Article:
There are few expansions that I would claim are must-have, but this is right up with the first Mystic Vale expansion as being a great add-on purchase that you could use from the very first game. I’ll never play a game of Bushido without the expansion, because it only enhances the experience instead of altering things completely (like some expansions are wont to do). Some may bemoan the diluting of the Technique deck, but it makes the gameplay better because you cannot bank on drafting the same cards every single game when you discover a working strategy.

So I’ll end it with this: if you are considering picking up Bushido, I would recommend getting this at the same time. Even if you don’t integrate the cards from the first play, you will find that the contents in this box are easy to incorporate into the game. And everything in here, except the weapon cards, are marked to make it easy to separate them back out if you want to keep the items separate. All in all, I am excited to see what the second expansion for Bushido, if one gets produced, will have in store for this excellent game.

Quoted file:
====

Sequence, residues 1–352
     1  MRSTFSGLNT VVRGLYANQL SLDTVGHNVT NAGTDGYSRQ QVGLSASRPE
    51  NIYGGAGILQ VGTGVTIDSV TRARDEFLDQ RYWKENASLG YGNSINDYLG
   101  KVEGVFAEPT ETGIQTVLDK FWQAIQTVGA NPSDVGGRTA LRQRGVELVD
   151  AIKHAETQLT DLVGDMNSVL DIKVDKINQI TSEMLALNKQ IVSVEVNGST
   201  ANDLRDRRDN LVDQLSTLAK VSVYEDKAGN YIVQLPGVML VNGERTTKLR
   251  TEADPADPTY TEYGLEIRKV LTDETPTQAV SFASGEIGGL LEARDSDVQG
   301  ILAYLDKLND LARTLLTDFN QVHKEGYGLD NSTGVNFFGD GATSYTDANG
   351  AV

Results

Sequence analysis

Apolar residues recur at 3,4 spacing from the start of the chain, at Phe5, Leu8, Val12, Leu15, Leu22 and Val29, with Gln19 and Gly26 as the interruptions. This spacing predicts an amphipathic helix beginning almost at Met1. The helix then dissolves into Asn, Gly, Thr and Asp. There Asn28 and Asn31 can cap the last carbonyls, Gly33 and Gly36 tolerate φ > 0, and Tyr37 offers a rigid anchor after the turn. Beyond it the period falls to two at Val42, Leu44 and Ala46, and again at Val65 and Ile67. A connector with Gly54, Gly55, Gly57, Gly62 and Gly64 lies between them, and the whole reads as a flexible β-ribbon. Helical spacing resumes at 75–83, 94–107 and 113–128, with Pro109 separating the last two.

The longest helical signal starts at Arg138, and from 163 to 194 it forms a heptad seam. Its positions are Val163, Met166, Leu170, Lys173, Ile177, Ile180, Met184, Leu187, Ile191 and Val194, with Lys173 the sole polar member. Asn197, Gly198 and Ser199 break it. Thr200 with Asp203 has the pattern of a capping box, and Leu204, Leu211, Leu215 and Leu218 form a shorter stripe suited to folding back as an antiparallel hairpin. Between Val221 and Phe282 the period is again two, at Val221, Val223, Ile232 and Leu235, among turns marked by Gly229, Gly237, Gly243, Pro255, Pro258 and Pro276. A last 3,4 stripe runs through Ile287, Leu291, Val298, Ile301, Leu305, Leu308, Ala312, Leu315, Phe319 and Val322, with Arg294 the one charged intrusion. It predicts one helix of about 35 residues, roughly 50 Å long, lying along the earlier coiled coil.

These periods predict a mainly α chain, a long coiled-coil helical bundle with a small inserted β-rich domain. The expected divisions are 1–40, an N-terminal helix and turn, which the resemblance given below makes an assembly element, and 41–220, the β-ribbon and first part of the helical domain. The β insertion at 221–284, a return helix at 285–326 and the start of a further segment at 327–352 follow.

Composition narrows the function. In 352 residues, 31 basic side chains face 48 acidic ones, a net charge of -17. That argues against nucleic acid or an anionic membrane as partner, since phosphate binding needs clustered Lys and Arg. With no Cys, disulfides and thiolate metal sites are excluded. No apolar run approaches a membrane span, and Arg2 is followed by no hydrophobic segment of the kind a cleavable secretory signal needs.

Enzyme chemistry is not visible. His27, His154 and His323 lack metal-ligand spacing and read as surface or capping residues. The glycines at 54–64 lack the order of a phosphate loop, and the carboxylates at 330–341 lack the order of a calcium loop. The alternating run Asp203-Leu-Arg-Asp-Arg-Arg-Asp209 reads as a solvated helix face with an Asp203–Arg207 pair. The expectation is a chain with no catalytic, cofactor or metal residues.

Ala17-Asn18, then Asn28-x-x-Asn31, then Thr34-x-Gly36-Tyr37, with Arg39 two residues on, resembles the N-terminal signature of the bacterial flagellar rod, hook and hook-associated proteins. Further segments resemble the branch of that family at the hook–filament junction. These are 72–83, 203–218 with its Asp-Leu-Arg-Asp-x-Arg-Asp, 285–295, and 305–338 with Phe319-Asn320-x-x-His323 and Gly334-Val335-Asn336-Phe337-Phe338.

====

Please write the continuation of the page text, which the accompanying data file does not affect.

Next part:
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Review for Two · Two-Player Only

Review for Two: Bushido

Thank you for checking review #112 by Cardboard Clash. My aim is to focus on reviewing board games and how they play for two people and, on occasion, how they play for one person. Because my wife is my primary gaming partner, a lot of consideration goes into finding those games that play well with 2 players, and we typically prefer to find those games that do not require a variant (official or otherwise) in order to play it with just the two of us.

**Note: I was provided a copy of the game for an upcoming event I am running at a local convention (Cardboard Caucus, October 25-27 in Des Moines, IA) but upon playing it I had to bump it up enough to get a review.

An overview of Bushido